Non-resident fathers may find that the mother sometimes acts as a “gatekeeper,” preventing them from exercising their legally-entitled guardianship, joint custody, or access rights. They experience systemic discrimination, and endure negative media perceptions of “deadbeat dads” who, unlike them, don’t wish to see their child or pay maintenance. Thankfully, these perceptions are mostly untrue: many fathers have a reasonable relationship with their ex-partner and play a full part in their children’s lives. Some don’t have such a relationship, but still see their children regularly.
However, many fathers are not allowed to see their children. The mother may utilise her discriminatory constitutional and systemic advantage against him. Courts rarely penalise a woman for preventing court-granted access, for making unfounded allegations (sometimes of child abuse), or for assault and abuse. On the other hand, courts do imprison fathers who cannot afford to pay child maintenance, or who break access. Many judges in family courts have minimal family law training, making their rulings uninformed and non-standardised. It is common that in camera family courts operate illegally as they are attended by Gardaí, solicitors, and others who have no legal right to be there. Moreover, their confidentiality insulates judges’ decisions from public scrutiny.
The mostly male Garda are more sympathetic to the mother, and the mainly female social services often display an anti-male attitude. Health, community, voluntary and legal services are friendly to women in this situation, but not to men.
In the worst scenario, the unmarried father, even if named on the child’s birth certificate, has only two legal rights - to pay maintenance, and to be informed if his child is given up for adoption - which he can’t stop! Some mothers have been known to give their child up for adoption rather than have a loving stable father and his family bring up his own flesh and blood. To be a loving father he has to endure prolonged and costly battles in biased courts at his expense, while the mother can use legal aid, or prevent him from seeing his child. Paradoxically, the child’s grand-parents have an entitlement of up to twenty-six hours access per month, while the father has none at all!
The UN Convention on the Rights of the Child (Article 9.3), which Ireland has signed, states, “Parties shall respect the rights of the child who is separated from one or both parents to maintain personal relations and direct contact with both parents on a regular basis, except if it is contrary to the child’s best interests.” On numerous occasions in the courts, Ireland has violated this provision by not ensuring a child’s and a father’s right to be together.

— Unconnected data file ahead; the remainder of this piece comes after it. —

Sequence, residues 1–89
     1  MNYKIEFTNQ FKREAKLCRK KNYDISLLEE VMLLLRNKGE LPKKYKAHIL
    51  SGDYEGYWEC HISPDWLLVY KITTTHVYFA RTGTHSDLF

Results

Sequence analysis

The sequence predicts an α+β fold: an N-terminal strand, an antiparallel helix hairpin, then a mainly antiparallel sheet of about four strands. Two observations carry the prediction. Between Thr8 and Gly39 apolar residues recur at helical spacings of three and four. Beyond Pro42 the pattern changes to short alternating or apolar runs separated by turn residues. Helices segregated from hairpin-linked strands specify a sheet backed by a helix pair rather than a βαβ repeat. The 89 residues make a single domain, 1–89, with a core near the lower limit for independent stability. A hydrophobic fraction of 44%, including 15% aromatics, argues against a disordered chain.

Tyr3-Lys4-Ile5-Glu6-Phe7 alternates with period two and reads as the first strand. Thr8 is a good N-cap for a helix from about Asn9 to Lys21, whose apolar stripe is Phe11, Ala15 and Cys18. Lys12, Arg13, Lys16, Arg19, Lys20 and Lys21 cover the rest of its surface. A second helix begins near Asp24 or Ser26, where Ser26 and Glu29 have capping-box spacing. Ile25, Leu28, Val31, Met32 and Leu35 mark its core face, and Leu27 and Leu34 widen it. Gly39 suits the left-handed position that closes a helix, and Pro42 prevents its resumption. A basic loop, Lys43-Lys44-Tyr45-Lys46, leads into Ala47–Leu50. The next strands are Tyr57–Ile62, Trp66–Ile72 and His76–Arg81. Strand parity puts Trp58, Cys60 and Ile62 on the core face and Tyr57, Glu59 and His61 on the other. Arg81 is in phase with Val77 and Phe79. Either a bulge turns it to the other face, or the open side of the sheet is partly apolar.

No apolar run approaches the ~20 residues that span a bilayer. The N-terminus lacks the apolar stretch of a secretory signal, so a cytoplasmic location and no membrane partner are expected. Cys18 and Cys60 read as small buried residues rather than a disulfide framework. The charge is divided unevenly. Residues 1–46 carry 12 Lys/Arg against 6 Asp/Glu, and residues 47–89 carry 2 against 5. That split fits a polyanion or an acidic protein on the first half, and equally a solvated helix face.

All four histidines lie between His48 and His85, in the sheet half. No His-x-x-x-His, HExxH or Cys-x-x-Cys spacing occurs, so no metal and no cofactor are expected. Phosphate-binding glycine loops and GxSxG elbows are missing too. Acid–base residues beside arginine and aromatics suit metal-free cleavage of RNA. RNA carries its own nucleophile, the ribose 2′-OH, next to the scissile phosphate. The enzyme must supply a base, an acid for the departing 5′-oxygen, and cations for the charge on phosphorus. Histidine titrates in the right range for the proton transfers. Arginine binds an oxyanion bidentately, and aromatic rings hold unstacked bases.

One of many heartbreaking stories told at meetings of Forever Fathers was by a body-builder who broke down in tears because he had not seen his daughter for months. He had left his partner, who had violently attacked him throughout their relationship (he was too ashamed to report this and “man” enough not to defend himself!) The mother relocated to Dublin with the child to live with her relatives (some of whom were heroin users), the father alleging that there were needles and blood in the house, with the risk of infection to the child. He reported this to Social Services, who, on investigation, found nothing wrong! After driving 240 km. to Dublin, Christmas presents in hand, his ex told him he was not seeing his child, and slammed the door in his face, even though he had a court order granting access. On contacting the Gardaí in Dublin, he was told to go back to court!
No political party or major figure in Irish life is willing to tackle these issues. Some politicians are themselves separated, but their position and wealth has sheltered them from homelessness or the precarious legal and financial difficulties that most non-resident fathers endure. In fact, the most notable Irish person involved in fathers’ rights equality is Sir Bob Geldof who wages his battles in England, where the law is more favourable to fathers. Many fathers like Bob have sacrificed much of their lives through their fatherly love and commitment, regularly travelling hundreds of miles to spend quality time with their child, or by fighting expensive court battles for them. Moreover, these access issues negatively affect women, too, such as grandmothers, aunts, and female cousins, or the daughter herself.
Many sociological and psychological studies describe the importance of a positive male role model in a child’s life, and the psychological damage caused by poisoning a child against a parent (Parental Alienation Syndrome), which often occurs and is a recognised form of emotional abuse against both the child and the father.